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Disappointing Electoral Outcome For Hong Kong's Pro-Democracy Parties



HONG KONG – Hong Kong's pan-democracy wing has failed to capitalize on the growing anti-Chinese sentiment, after a disappointing outcome in the legislative council elections.

Albert Ho, the leader of Hong Kong's biggest pro-democracy party has announced he will step down as chairman after his party won only four seats, compared to eight seats in 2008.

The South China Morning Post reported Ho as saying: "In recent months, the public has been impatient with the current administration, and maybe some of them preferred to choose people who were much more aggressive in their stances and roles, that might cause some to lose votes."

However, the various pro-democracy groups - who oppose the current Chief Executive Leung Chun-ying and his loyalty to Beijing - won 27 out of 70 seats and will therefore retain the power to veto major constitutional changes.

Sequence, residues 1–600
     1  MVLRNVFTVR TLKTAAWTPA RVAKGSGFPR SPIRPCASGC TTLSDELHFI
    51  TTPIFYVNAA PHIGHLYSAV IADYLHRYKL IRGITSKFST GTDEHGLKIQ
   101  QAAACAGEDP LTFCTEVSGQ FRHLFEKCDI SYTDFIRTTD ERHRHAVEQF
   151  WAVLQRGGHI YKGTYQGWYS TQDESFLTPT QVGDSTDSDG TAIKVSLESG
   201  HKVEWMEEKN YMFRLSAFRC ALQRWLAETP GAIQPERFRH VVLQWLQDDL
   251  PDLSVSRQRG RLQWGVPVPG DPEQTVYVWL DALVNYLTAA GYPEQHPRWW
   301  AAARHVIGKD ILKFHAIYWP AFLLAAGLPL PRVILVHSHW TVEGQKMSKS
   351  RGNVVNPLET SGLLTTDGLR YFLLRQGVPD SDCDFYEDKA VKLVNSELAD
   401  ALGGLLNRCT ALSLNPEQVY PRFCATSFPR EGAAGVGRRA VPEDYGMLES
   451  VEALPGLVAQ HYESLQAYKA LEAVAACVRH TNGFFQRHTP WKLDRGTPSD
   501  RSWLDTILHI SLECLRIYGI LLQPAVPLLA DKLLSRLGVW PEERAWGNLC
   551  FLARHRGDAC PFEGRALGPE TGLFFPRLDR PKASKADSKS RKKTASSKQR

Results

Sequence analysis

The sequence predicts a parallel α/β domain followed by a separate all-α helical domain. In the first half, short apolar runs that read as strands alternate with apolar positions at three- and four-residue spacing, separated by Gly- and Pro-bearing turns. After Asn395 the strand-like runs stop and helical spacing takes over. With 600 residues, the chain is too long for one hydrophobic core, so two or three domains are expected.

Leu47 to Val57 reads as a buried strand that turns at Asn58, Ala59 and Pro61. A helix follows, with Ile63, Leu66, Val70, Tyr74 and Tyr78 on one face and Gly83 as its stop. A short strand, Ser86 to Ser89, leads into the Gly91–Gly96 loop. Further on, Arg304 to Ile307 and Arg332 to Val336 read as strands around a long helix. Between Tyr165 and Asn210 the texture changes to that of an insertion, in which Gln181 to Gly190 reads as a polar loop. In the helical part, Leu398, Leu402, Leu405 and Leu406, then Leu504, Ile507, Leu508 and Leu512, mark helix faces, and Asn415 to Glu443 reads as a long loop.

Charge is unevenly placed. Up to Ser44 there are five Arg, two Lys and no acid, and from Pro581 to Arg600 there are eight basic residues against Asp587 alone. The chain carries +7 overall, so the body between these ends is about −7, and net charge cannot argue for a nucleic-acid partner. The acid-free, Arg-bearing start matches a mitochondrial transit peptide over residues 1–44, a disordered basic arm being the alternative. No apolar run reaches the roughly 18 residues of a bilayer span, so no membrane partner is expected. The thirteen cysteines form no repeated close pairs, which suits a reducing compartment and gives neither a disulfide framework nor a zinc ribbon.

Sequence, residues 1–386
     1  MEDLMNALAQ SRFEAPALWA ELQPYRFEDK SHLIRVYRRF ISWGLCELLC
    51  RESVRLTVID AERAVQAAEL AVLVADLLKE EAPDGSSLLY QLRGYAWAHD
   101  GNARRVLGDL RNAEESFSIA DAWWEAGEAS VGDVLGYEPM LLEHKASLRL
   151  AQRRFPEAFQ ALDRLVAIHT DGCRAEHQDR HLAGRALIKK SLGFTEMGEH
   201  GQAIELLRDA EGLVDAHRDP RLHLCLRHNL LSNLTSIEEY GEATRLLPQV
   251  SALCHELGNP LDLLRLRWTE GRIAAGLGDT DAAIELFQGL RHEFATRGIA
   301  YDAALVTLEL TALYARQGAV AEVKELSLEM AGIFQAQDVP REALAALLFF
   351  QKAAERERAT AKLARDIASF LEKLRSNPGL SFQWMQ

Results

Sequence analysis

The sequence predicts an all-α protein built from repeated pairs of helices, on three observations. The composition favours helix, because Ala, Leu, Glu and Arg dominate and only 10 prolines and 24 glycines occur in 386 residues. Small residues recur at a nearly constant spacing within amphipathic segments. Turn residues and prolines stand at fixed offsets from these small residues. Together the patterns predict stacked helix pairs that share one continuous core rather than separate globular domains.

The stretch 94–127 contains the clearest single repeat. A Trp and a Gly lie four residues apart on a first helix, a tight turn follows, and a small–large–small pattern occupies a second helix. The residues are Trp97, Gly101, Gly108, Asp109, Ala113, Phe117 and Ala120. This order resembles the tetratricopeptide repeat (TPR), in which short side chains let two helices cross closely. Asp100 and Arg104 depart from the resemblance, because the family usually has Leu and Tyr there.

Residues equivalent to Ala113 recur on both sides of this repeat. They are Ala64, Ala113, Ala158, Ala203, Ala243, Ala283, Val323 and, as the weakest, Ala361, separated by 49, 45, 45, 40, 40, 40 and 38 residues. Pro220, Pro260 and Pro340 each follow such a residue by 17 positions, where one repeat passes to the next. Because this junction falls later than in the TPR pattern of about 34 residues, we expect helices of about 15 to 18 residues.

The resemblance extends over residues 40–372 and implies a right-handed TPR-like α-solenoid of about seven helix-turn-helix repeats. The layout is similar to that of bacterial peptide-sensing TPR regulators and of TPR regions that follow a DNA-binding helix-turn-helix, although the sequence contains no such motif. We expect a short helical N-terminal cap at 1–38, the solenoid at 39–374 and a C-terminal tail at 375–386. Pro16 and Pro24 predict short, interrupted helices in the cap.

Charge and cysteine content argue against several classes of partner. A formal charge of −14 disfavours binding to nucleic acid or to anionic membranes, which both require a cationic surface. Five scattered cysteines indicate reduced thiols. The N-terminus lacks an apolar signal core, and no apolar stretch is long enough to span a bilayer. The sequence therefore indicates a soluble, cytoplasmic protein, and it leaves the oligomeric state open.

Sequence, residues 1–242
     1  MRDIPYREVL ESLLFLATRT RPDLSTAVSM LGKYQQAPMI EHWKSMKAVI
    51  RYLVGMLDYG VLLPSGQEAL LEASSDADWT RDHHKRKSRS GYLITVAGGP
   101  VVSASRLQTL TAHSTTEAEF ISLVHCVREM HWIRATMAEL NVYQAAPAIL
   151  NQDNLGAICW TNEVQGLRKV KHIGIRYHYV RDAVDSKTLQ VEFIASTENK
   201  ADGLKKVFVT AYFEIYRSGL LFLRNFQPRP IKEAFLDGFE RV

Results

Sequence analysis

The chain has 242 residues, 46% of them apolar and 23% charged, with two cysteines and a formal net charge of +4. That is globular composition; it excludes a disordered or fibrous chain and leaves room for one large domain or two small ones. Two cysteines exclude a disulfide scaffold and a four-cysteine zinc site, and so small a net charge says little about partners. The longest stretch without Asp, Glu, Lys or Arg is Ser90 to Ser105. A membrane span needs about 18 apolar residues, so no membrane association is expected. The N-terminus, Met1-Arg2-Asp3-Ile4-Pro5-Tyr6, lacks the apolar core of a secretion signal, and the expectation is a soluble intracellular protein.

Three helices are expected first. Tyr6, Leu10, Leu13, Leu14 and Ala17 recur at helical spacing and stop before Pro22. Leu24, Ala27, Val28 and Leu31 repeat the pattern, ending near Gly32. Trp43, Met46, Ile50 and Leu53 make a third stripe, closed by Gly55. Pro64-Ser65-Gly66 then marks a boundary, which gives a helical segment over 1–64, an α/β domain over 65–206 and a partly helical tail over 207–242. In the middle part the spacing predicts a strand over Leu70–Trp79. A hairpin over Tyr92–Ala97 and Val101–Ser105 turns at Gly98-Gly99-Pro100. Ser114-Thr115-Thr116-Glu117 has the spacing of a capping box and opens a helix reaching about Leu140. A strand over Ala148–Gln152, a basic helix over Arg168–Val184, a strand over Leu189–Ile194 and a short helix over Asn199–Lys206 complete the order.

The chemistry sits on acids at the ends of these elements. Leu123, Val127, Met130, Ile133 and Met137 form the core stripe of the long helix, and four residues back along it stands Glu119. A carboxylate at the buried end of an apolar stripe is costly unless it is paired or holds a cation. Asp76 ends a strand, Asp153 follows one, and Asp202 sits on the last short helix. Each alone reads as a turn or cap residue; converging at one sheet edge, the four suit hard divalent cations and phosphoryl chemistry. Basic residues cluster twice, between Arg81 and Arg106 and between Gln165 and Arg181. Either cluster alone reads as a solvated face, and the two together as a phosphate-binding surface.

The disappointing outcome of the elections for the pro-democracy groups seems to demonstrate that the anti-mainland protests have begun to disperse, after Leung's policy reversal on the new pro-China school curriculum at the weekend.

Leung announced that the mandatory Chinese patriotism classes would now be optional, declaring: "The schools are given the authority to decide when and how they would like to introduce the moral and national education," the BBC reports.

The video below shows a 120,000 strong protest on Friday night in central Hong Kong.

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